Author: Donovan Dennis
“In case we have forgotten, because we keep hearing that 2014 has been the warmest year on record, I ask the chair, you know what this is? It’s a snowball. And it’s just from outside here. So it’s very, very cold out. Very unseasonal. So here, Mr. President, catch this.”
And there it was. In the middle of his speech, the honorable Senator James M. Inhofe, a Republican from Oklahoma, tossed his perfectly formed snowball at the presiding officer in the chamber of the United States Senate. The several C-Span viewers watching across the country sat in shock, witnessing what may have been the first recorded Senate snowball toss.
When not engaging in schoolyard buffoonery, Inhofe also serves as the chairman of the U.S. Senate Committee on Environment and Public Works, making him one of Congress’ most powerful climate change deniers. He even published a book on the subject—and based on his storied scientific career as the president of the Quaker Life Insurance Company, few should doubt its credibility.
Several weeks later, the fate of the Justice for Victims of Trafficking Act hung in the balance, its success threatened by abortion politics in the Senate. Historically passed with bipartisan support, once-popular bills fighting human trafficking and providing medical aid in under-served regions of the world are increasingly subjected to anti-abortion amendments from Republican lawmakers. These amendments score political points with conservative voters because they allow legislators to control abortion not only in the States, but also in countries receiving American aid.
The trafficking bill pulled the Senate into gridlock over a provision that prevents the use of medical funds for abortion services unless in the case of rape, incest or immediate danger to the mother. The stalemate placed justice for victims of human trafficking in a bureaucratic gray zone. In this case, it also delayed the confirmation vote of attorney general nominee Loretta Lynch, enraging President Obama and Democrat lawmakers. These actions, as well of those of Inhofe and others, contribute to the larger picture of an American political system that continues to defy the values of its younger constituents.
The rising millennial generation will redefine American politics.
We separate social issues from our politics, and are overwhelmingly critical of the current political parties. According to Pew Research Center and Harstad Strategic Research polling data, approximately half of “Generation Y” or “millennials” consider themselves political independents, which is one of the highest party disaffiliation rates of any generation, ever. We have no party, and this increasingly equates to no voice, effectively silencing our generation in Congress.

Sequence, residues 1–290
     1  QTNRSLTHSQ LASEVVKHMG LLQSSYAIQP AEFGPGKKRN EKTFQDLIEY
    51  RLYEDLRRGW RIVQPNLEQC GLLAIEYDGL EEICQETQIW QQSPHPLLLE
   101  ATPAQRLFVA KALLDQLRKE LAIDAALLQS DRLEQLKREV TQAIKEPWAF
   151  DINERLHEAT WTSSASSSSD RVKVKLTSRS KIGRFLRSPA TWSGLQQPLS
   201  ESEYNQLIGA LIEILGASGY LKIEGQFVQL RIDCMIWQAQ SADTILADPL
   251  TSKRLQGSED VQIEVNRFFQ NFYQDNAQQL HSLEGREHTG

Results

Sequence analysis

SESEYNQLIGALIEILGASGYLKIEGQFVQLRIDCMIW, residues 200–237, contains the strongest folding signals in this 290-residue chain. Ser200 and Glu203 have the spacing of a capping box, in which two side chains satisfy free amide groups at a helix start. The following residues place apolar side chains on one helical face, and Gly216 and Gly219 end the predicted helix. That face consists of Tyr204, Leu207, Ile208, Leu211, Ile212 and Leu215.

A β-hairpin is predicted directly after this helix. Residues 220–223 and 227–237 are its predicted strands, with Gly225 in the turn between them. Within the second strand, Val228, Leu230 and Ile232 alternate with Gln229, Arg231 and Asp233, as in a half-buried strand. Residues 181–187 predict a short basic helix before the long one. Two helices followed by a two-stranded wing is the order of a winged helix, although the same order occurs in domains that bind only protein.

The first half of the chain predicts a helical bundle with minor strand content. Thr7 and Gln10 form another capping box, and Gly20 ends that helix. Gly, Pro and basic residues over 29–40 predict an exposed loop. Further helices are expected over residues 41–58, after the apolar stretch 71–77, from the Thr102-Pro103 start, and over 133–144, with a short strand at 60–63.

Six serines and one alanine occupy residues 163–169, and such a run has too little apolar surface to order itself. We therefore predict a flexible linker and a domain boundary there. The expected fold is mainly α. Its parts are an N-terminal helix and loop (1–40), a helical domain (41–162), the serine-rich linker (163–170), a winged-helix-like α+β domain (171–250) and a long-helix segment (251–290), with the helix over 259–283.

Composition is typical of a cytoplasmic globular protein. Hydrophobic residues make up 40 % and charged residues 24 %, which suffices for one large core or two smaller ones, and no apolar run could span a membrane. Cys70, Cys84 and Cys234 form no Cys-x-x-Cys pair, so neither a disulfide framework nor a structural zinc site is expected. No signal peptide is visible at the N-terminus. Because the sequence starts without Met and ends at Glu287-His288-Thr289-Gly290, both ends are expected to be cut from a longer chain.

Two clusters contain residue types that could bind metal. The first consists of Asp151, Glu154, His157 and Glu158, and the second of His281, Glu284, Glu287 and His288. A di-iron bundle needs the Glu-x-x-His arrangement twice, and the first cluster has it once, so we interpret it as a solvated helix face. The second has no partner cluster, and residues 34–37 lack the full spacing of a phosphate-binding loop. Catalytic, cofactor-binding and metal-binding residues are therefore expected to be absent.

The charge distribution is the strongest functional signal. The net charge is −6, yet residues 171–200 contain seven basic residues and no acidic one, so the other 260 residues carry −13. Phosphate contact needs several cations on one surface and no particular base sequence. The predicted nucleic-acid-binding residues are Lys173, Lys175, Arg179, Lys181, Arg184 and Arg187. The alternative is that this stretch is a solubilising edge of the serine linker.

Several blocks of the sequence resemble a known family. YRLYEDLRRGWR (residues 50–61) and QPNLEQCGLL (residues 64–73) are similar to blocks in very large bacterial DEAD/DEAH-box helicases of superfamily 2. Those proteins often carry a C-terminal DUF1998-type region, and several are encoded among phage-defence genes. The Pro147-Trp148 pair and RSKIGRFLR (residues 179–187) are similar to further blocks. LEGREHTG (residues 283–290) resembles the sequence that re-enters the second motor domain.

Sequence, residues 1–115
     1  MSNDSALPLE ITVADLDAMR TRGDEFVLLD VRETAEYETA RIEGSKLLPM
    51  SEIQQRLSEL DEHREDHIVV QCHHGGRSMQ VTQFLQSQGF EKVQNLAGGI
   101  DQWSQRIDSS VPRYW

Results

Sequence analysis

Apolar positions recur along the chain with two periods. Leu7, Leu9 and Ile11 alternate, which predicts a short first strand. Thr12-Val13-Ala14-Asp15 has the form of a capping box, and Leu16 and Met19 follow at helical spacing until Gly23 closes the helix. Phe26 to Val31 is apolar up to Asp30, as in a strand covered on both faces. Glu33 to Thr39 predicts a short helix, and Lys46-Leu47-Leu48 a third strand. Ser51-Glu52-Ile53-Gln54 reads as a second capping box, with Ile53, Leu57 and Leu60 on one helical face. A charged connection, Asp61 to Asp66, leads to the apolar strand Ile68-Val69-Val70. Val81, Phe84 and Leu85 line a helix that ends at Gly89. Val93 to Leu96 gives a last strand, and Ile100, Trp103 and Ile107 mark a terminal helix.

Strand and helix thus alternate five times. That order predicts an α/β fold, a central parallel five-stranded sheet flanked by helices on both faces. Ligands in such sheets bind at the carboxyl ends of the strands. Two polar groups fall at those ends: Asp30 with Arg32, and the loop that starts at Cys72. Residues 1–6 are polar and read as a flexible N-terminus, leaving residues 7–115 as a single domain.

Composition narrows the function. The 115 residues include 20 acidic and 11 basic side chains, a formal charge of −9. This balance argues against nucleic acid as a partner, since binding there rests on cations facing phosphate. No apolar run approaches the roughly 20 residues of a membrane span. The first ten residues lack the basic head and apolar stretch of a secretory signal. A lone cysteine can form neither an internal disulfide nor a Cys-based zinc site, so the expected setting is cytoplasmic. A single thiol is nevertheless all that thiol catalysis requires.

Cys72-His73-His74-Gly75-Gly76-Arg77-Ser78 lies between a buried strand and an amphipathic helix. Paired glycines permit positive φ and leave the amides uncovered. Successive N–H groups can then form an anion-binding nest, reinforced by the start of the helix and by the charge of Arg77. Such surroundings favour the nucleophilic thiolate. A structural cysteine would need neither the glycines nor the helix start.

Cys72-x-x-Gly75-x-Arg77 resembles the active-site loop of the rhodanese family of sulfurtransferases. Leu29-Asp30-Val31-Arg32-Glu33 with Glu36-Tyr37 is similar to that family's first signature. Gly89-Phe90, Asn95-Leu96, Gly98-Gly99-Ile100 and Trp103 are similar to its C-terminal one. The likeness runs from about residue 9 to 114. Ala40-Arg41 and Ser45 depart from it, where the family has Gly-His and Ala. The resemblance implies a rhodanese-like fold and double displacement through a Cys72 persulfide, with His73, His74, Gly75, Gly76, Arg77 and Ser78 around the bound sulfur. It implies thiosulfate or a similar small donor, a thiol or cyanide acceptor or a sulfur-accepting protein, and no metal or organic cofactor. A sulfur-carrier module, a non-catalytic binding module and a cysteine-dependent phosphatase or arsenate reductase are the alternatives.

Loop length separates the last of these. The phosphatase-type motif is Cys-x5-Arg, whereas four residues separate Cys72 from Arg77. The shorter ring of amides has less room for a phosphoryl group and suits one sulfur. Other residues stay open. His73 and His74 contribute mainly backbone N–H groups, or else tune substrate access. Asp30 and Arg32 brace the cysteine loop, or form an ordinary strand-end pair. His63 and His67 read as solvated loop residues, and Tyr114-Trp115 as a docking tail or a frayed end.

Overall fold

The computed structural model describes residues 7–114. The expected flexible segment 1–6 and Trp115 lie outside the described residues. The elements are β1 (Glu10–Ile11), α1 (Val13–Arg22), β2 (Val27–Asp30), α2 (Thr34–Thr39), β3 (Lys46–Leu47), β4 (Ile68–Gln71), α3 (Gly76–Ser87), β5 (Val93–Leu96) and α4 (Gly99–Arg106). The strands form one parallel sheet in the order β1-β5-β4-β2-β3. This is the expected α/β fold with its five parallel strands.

As they make more money, millennials turn towards fiscal conservatism. But on issues like gay marriage, pot legalization and a path to citizenship for undocumented immigrants, America’s 18 to 29 year-olds are likely the most liberal generation American politics has ever seen.
Regarding action on climate change and renewable energy, 80 percent of millennials indicated they support requiring utility companies to produce one-third of their power from renewable sources by 2030.
Now, more than at any time before, it is important for Generation Y to galvanize a voter base focused on modern issues. For too long, Americans, and millennials in particular, have been forced to choose between what is morally acceptable and what is economically viable. The GOP’s antiquated position on women’s rights, gay rights, access to both citizenship and healthcare, and the causes of climate change do not resonate with young voters. However, their message of fiscal conservatism often appeals to twenty-somethings.
Either the Republican Party must abandon its fringe, ultra-conservative, radical, right-wing voter base and embrace the wave of change that will be the millennial political generation, or accept its ultimate demise. Discriminating against gay people and denying climate change will not define the conservatism of the future.
For millennials, this change starts now. Write your congressperson. Tweet your senator. Vote. Support future legislators who share the vision of an American party system that no longer divides itself on antiquated platforms of perceived social morality. Elections should be determined on questions of fiscal policy, interventionism versus isolationism, and the United States’ role in global development. The U.S. Congress should not be and never should have been a venue for legislating prejudice against women, gay people, and people of color.
Above all, Generation Y is overwhelmingly optimistic—every poll suggests it. We are international, unrestrained, empowered and driven. We are an impactful force determined to challenge America’s social injustices and enact substantive and institutional change. We are revolutionists, and it’s time for modern American politics to reflect our values.
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